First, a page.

Tho' he wrote not a line,
Yet a cause of decline
In our author's example we read.

His book well describes

How corruption and bribes
O’erthrew the great empire of Rome ;

And his writings declare

A degeneracy there,
Which his conduct exhibits at home.


A few words on the Tews capdávios, or Sardonius Risus, so celebrated in antiquity, may not be amiss, especially as the expression, "a Sardonic smile” is a common one in our language.

We find this epithet used by several Greek writers; it is even as old as Homer's time, for we read in the Odyssey, Meidnce Jouộ capdávcov páda rolov, “but he laughed in his soul a very bitter laugh.” The word was written indifferently capdávios and σαρδόνιος; and some lexicographers derive it from the verb σαίρω, of réona, "to show the teeth, grin like a dog : " especially in scorn or malice. The more usual derivation is from capdovlov, a plant of Sardinia (Eupdó), which was said to distort the face of the eater. In the English of the present day, a Sardonic laugh means a derisive, fiendish laugh, full of bitterness and mocking; stinging with insult and rancor. Lord Byron has hit it off in his portraiture of the Corsair, Conrad :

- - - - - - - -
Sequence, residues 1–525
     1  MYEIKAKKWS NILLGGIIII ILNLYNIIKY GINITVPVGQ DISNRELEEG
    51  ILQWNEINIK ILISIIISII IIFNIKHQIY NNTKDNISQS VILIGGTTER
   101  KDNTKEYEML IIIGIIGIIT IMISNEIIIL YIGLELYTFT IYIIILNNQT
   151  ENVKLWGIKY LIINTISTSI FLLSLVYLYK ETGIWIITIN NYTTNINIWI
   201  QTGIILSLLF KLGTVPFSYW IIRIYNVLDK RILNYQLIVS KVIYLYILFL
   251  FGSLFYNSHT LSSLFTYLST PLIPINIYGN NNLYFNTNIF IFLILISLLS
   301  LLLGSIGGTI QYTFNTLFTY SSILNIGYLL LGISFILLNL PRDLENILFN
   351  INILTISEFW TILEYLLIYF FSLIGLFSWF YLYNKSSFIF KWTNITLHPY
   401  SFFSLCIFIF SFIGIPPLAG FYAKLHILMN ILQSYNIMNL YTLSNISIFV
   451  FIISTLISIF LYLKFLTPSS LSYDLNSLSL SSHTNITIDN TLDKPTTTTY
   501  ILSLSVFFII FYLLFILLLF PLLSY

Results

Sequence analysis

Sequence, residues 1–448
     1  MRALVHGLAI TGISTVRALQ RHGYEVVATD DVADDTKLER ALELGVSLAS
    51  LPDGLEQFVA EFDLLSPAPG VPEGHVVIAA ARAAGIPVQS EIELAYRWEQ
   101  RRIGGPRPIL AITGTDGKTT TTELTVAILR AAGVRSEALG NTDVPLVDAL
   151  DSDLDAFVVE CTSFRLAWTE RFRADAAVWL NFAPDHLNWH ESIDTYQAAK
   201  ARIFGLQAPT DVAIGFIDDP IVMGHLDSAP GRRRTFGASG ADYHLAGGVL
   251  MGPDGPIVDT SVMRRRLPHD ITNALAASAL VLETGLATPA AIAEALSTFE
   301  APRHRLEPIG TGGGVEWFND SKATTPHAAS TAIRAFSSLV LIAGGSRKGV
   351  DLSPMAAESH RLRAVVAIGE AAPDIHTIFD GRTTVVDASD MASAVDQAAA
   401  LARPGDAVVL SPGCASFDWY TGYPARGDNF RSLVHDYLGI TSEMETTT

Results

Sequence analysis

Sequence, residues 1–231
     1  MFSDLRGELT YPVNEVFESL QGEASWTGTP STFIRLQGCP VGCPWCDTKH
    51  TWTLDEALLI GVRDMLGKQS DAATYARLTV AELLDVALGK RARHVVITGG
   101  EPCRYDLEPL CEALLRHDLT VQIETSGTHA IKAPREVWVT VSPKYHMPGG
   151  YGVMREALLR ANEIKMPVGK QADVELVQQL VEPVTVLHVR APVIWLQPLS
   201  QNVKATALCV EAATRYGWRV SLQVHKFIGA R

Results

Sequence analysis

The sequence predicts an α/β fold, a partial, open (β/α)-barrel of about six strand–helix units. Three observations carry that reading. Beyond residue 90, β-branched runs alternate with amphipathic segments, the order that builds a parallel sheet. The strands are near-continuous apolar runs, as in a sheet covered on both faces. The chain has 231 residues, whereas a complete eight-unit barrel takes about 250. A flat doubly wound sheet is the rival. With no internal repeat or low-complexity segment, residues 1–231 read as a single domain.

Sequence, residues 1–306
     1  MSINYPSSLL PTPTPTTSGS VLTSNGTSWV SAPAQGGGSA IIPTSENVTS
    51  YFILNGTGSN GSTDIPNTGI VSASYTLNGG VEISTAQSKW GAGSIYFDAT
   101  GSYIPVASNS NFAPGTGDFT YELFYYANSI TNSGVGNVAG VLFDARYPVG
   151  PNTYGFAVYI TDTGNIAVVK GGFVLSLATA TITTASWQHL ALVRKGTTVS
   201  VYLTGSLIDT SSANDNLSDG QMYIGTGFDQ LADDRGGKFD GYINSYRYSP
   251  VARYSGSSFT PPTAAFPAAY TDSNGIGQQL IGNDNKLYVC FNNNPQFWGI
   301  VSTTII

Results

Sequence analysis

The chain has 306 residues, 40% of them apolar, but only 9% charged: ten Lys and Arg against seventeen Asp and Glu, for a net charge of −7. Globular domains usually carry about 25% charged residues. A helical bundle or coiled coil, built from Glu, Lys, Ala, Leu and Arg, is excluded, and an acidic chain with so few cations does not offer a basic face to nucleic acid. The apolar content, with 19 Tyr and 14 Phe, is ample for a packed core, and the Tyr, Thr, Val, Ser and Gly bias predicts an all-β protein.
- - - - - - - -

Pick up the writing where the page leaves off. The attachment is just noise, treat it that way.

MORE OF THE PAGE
There was a laughing devil in his sneer,
That rais'd emotions both of rage and fear.

In Izaak Walton's ever delightful Complete Angler, Venator, on coming to Tottenham High Cross, repeats his promised verse: “it is a copy printed among some of Sir Henry Wotton's, and doubtless made either by him or by a lover of angling." Here is the first stanza:

Quivering fears, heart-tearing cares,
Anxious sighs, untimely tears,

Fly, fly to courts,

Fly to fond worldling's sports,
Where strained Sardonic smiles are glossing still,
And Grief is forced to laugh against her will;

Where mirth’s but mummery,
And sorrows only real be.

In Sir J. Hawkins's edition is the following note on the word Sardonic" in these lines :